Portrait of Richard Mansergh St George (c.1750-1798) 1791, Hugh Douglas Hamilton

St George had been dining with the Earl of Mountcashel’s at Moor Park, and freely expressing his views about his detestation of treason and rebellion. It is plausible that a servant may have reported these discussions to the assassins, so as they may have been ready and laying in wait for the Colonel. On 12 February 1798, at the outbreak of the Irish Rebellion of 1798 thirty republicans from North Cork and South Tipperary attacked the house of Jasper Uniacke, Esq, the Colonel’s tenant and administrator, and according to the Hibernian Chronicle “demanded that St. George Mansergh, who was then in the house, should be sent out to them; this being refused, they rushed in to seize him, on which he shot one of them dead, which so exasperated the rest, that with pitchforks, and other weapons,” was “barbarously murdered” along with his servant with a rusty scythe. The newspaper article continues to describe the murder: “And to add to their inhumanity, they wounded Mrs. Uniacke, while in the act of saving her husband, so that she lies dangerously ill.” She identified some of the assassins before expiring.


[1]Venn, J.; Venn, J. A., eds. (1922–1958). “Mansergh (post Mansergh-St George), Richard St George”. Alumni Cantabrigienses (10 vols) (online ed.). Cambridge University Press.


An account of Galway [Headford] by Richard-St.George-Mansergh St. George; with a note by Sir B. Boothby (inked over by R. St. George). Trinity College (Dublin, Ireland). Library. MS 1749/1,2.
Anna Seward, ‘Epistle to Colonel St George, Written April 1783’ The Poetical Works of Anna Seward; with Extracts from her Literary Correspondence.” Scott, Walter, ed. Three Volumes, Vol. II. John Ballantyne, Edinburgh. 1810.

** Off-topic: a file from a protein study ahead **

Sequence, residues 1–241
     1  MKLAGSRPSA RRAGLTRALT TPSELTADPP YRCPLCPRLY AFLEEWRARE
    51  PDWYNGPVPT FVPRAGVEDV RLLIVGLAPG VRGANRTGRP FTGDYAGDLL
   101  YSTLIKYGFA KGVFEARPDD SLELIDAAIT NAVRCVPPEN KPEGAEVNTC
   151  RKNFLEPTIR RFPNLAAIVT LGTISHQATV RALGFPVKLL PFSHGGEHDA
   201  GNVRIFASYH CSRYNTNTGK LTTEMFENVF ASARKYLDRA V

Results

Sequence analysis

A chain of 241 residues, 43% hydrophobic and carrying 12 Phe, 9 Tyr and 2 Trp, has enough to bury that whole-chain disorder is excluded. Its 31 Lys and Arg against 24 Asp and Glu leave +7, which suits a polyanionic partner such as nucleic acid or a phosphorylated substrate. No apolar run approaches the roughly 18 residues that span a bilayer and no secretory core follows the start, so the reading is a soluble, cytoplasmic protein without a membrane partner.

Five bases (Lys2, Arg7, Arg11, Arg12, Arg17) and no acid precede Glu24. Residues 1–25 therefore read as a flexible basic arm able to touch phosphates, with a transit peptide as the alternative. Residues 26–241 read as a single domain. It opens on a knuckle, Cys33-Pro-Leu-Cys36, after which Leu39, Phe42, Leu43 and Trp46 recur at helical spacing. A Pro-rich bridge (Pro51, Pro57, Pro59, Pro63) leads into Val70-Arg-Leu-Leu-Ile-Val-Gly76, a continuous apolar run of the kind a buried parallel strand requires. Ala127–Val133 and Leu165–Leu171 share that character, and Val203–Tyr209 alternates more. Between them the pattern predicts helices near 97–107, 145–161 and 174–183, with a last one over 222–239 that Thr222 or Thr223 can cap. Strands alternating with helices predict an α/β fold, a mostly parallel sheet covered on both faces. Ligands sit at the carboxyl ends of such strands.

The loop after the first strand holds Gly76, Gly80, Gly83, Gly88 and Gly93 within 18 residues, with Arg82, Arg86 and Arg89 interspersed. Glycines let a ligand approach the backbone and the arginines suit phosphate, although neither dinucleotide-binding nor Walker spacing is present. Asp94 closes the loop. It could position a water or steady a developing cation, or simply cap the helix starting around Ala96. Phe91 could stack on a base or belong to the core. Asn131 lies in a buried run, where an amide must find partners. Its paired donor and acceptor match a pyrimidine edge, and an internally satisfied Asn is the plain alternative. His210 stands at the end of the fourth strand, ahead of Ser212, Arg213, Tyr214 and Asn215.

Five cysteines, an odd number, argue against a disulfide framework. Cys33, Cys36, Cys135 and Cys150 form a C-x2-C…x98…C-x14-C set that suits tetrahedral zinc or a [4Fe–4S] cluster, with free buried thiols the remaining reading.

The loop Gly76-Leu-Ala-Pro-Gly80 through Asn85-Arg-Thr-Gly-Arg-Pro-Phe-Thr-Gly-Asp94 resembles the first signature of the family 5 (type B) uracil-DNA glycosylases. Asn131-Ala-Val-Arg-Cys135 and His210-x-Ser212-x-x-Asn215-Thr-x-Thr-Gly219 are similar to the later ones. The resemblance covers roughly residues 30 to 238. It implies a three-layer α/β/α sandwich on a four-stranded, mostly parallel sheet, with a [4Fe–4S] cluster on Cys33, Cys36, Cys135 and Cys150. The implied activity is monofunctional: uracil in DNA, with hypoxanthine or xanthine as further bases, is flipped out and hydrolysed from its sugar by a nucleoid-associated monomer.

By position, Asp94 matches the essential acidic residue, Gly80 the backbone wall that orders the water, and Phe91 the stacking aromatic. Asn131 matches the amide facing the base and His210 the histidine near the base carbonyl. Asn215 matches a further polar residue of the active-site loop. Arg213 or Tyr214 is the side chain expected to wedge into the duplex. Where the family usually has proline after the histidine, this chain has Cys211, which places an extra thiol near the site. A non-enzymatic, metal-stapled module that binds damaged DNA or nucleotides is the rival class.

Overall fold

John Burke, A General and Heraldic Dictionary of the Peerage and Baronage of the British Empire, 4th edition Vol.II, London, Henry and Colburn and Richard Bentley 1832 p. 387.
Thomas Pakenham, The Year of Liberty: the story of the great Irish Rebellion of 1798, Englewood Cliffs: Prentice Hall, 1969.
Martin Hunter, The Journal of Gen. Sir Martin Hunter and Some Letters of His Wife, Lady Hunter Put Together by Their Daughter, Miss A. Hunter, and by Their Dear Friend, Miss Bell, and Caused to be Printed by Their Grandson, James Hunter. Edinburgh: The Edinburgh Press, 1894.
Great Britain. Army and Howe, William Howe, Viscount, 1729-1814, “Richard St. George Mansergh St. George military commission, 1776 December 23,” John D. Rockefeller Jr. Library, Colonial Williamsburg Foundation, accessed May 11, 2015,

William H. Howe, Richard St George Mansergh., 1776. Archival material. British military commission issued in America, signed by Gen. Howe, appointing Richard St. George, Mansergh St George Gent, to the rank of Lieutenant, 52d Regiment of Foot, headquartered in New York.

Richard St. George, ‘The Actions at Brandywine and Paoli Described by a British Officer,’ The Pennsylvania Magazine of History and Biography, vol.29, 368 (Philadelphia, 1905).

‘The True Briton’, 16 February 1798; The Times, 16 February 1798, p. 3.

The Gentleman’s Magazine, vol. 68, p. 161 (February 1798).
The Gentleman’s Magazine, vol.68, p. 346 (April 1798).
Martin Myrone, Gothic Romance and the Quixotic Hero:A Pageant for Henry Fuseli in 1783.
Martin Myrone, Bodybuilding: reforming masculinities in British art 1750-1810.
Gregory Urwin, Solving a Mystery: Redcoat Images, No. 83 (Revisited) Ensign Richard St George Mansergh St George, 4th Regiment of Foot, 1776.